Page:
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Alternative Student Loans

How to Find Alternative Student Loans

    By the time someone starts looking for alternative student loans, they have already exhausted all other resources for educational aid. They are normally desperate for funding, which makes finding alternative student loans stressful and intimidating. Millions of questions run through their head such as where should I look, which lenders should I consider and how do I get the best deal. If you are in that situation, don't worry. Finding alternative student loans can be completely painless.
   If you haven't pursued all other avenues, such as federal aid programs, scholarships and grants, you need to before you start looking for alternative student loans. Alternative student loans usually have higher interest rates and less favorable terms than federal student loans (FinAid). So, if you don't use the other sources first, you'll end up paying a lot more than necessary for your education. If you haven't already, fill out and submit a Free Application for Federal Student Aid, also known as a FAFSA. That one application will apply you for all federal student aid programs. If the award package isn't enough, then you can look for alternative student loans.
    Assuming you have already gone through the FAFSA process and looked at PLUS Parent loan options, it's time to start looking for alternative student loan lenders. Because alternative student loans are offered by private lending institutions, such as banks, credits unions and savings and loan associations, you'll have to compare the prices and terms of various lenders. There are no set interest rates or standard terms like those of the federal loan programs. It's a free market where competition sets the rates. But before you start calling every bank in the phone book or browsing hundreds of Web sites, you should talk to your financial aid office.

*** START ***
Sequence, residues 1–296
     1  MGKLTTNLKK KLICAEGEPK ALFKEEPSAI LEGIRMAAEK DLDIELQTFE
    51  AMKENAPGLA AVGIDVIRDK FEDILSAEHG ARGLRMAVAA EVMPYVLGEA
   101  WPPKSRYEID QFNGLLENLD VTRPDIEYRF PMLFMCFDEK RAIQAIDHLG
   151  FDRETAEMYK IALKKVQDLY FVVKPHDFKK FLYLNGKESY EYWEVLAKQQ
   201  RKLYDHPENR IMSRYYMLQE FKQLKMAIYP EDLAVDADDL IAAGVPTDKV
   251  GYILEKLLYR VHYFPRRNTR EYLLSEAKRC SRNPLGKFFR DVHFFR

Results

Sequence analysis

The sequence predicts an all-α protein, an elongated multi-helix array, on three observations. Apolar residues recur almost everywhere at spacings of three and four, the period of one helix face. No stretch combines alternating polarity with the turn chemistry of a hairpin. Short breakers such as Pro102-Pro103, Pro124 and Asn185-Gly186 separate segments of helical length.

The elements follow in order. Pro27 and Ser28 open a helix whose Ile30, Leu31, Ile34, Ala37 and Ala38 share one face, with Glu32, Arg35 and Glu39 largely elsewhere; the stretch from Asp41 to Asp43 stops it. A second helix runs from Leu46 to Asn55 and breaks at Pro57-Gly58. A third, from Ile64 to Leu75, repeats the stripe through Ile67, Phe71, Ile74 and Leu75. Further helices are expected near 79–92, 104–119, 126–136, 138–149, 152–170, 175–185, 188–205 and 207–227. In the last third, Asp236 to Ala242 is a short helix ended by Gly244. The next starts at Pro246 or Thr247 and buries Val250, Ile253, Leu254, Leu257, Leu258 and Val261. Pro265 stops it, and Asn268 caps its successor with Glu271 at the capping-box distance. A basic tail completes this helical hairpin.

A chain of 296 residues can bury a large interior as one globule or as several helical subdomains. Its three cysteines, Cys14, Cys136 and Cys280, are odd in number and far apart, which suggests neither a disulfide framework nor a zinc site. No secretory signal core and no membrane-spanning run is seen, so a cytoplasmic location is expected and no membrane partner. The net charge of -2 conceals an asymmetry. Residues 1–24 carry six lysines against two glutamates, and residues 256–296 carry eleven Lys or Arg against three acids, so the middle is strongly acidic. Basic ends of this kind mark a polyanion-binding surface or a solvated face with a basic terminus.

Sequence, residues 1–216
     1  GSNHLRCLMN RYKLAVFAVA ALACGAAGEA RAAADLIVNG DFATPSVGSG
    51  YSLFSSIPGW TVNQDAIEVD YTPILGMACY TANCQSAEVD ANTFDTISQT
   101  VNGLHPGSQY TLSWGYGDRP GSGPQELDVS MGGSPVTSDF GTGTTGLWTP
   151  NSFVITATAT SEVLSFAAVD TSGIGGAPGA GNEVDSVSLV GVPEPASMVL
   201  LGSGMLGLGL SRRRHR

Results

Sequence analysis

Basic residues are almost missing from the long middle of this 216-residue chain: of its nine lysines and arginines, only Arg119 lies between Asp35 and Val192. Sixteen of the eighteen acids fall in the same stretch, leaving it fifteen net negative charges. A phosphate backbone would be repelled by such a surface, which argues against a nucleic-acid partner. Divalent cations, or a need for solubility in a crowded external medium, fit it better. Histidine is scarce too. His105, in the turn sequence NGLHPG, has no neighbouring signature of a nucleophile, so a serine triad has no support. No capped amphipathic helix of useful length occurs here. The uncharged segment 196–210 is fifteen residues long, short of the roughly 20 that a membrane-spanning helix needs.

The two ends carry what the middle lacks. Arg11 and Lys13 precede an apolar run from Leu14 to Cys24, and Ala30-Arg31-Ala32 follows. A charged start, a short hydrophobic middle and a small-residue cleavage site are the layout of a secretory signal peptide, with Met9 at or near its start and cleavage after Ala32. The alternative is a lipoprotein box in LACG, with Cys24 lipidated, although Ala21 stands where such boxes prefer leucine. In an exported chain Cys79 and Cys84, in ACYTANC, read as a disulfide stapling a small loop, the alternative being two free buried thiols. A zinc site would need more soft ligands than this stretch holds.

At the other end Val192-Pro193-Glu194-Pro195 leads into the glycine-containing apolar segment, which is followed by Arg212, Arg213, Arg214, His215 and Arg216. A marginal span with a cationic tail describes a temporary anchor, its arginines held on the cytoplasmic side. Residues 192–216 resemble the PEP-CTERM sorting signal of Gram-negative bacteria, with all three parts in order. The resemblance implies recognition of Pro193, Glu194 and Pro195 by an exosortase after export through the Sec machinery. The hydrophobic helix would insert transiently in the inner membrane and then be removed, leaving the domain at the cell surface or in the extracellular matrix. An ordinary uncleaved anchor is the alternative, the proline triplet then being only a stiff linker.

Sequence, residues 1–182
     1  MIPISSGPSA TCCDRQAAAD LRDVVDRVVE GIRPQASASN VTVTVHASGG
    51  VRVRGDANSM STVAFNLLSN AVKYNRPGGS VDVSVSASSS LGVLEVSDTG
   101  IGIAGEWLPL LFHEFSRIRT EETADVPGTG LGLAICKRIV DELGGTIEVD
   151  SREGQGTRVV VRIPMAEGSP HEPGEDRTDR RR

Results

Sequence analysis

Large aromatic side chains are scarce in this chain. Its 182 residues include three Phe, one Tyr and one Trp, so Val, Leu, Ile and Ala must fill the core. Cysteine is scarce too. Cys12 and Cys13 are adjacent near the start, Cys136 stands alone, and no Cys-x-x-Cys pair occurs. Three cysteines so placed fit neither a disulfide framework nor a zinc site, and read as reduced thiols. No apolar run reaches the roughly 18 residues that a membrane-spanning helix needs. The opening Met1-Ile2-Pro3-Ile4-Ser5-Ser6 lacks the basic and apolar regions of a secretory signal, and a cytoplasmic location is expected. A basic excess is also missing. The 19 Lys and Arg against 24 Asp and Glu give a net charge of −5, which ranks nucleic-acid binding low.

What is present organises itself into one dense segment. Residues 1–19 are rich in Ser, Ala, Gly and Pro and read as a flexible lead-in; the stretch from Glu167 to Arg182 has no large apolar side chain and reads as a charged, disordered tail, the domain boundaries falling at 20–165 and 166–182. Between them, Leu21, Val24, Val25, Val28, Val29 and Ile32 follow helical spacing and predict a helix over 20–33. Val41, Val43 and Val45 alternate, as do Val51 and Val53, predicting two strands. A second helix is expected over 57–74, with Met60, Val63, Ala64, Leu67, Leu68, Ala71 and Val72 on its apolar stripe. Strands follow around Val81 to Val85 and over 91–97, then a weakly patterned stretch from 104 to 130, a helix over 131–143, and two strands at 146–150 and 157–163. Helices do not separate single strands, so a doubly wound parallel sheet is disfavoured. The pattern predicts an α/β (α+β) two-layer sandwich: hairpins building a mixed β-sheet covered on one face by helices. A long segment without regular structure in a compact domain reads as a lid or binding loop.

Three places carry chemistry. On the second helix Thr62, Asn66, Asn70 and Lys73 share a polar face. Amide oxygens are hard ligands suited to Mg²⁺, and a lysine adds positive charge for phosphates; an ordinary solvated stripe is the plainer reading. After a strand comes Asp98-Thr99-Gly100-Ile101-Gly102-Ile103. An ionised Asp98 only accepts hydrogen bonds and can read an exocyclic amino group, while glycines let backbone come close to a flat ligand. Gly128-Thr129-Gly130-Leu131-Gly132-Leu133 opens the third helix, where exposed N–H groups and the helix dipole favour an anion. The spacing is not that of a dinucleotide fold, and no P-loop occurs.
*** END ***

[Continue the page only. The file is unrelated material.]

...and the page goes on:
Most financial aid offices will have a list of preferred lenders who offer fair student loan programs (College Board). Although the list is a good place to start, don't limit your options to only the lenders on the list. Do some investigating on your own because the better deal you can find, the more money you will save. To help you compare offers for alternative student loans, here is what you should look for:

  • Low Interest Rates: The lower the interest rate, the less money you will have to pay for your alternative student loans. If you can find interest rates around LIBO+2.8% or PRIME+0%, you're getting a good deal (FinAid). You don't have to know what those numbers mean. Just know that the lower, the better. However, your interest rates will be based on your credit score and your cosigner's credit score, so those low rates will only be attainable if you have really good credit (Rensselaer). Regardless of your credit score, shopping around will help you get the lowest rate for your credit ranking. Another pointer to keep in mind is that the interest rates listed by lenders are often their lowest possible rates, available only if you have excellent credit (FinAid). Your rates may be much higher.